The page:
1Lulea Technical University, Dept. of Space Science, Kiruna, Sweden
2IUP, University of Bremen, Bremen, Germany
3Satellite Applications, Met Office, Exeter, UK
4RSMAS, University of Miami, USA
5Dept. of Radio and Space Science, Chalmers University of Technology, Gothenburg, Sweden
Abstract. The paper presents a cloud filtering method for upper tropospheric humidity (UTH) measurements at 183.31±1.00 GHz. The method uses two criteria: The difference between the brightness temperatures at 183.31±7.00 and 183.31±1.00 GHz, and a threshold for the brightness temperature at 183.31±1.00 GHz. The robustness of this cloud filter is demonstrated by a mid-latitudes winter case-study.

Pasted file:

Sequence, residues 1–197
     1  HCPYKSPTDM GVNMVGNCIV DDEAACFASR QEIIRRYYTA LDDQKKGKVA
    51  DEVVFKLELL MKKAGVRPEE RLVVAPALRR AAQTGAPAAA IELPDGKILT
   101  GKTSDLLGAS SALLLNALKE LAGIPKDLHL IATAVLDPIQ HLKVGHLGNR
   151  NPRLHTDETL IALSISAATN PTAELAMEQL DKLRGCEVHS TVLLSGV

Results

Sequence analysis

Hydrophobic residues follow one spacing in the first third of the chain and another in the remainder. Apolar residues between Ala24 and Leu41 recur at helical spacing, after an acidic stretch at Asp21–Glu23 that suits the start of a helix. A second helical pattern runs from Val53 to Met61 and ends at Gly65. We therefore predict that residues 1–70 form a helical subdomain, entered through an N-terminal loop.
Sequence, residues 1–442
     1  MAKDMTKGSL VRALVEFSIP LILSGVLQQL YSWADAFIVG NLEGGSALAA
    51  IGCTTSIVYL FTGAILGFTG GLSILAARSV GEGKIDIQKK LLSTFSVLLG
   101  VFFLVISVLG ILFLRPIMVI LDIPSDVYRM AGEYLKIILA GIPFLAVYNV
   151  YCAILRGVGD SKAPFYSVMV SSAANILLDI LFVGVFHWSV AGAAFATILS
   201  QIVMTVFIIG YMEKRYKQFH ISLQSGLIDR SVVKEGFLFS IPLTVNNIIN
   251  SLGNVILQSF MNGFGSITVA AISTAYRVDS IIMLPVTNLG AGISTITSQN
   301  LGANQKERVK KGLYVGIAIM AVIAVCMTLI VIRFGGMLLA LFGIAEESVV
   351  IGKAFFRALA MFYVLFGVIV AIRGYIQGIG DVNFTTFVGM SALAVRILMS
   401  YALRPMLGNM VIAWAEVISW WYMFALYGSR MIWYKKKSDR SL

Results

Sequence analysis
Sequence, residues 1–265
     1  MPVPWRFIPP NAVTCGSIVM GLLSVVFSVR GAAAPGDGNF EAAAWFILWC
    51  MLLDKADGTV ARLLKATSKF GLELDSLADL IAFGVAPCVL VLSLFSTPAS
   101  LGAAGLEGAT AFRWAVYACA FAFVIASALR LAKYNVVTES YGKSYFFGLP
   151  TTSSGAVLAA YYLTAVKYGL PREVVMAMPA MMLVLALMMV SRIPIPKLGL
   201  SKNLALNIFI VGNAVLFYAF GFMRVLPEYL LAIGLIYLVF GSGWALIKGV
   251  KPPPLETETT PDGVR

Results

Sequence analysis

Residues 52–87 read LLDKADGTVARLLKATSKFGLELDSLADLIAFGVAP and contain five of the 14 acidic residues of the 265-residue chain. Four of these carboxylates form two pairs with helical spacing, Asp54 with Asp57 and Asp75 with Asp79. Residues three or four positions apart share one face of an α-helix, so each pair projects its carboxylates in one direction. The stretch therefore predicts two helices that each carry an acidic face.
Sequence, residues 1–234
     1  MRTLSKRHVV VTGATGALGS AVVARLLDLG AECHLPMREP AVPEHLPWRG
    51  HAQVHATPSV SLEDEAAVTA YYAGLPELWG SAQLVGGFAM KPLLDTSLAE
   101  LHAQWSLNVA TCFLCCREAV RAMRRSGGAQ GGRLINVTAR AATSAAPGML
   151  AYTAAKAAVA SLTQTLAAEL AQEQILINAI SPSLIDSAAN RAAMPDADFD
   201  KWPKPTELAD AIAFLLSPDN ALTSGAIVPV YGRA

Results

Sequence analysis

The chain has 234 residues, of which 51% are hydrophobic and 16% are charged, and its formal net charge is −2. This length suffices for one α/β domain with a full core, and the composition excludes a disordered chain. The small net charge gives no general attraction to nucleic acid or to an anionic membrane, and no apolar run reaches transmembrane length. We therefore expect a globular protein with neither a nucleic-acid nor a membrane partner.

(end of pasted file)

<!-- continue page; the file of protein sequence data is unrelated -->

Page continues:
The paper then studies different biases on UTH climatologies. Clouds are associated with high humidity, therefore the dry bias introduced by cloud filtering is discussed and compared to the wet biases introduced by the clouds radiative effect if no filtering is done. This is done by means of a case study, and by means of a stochastic cloud database with representative statistics for midlatitude conditions.
The consistent result is that both cloud wet bias (0.8% RH) and cloud filtering dry bias (–2.4% RH) are modest for microwave data, where the numbers given are for the stochastic cloud dataset. This indicates that for microwave data cloud-filtered UTH and unfiltered UTH can be taken as error bounds for errors due to clouds. This is not possible for the more traditional infrared data, since the radiative effect of clouds is much stronger there.
The focus of the paper is on midlatitude data, since atmospheric data to test the filter for that case were readily available. The filter is expected to be applicable also to subtropical and tropical data, but should be further validated with case studies similar to the one presented here for those cases.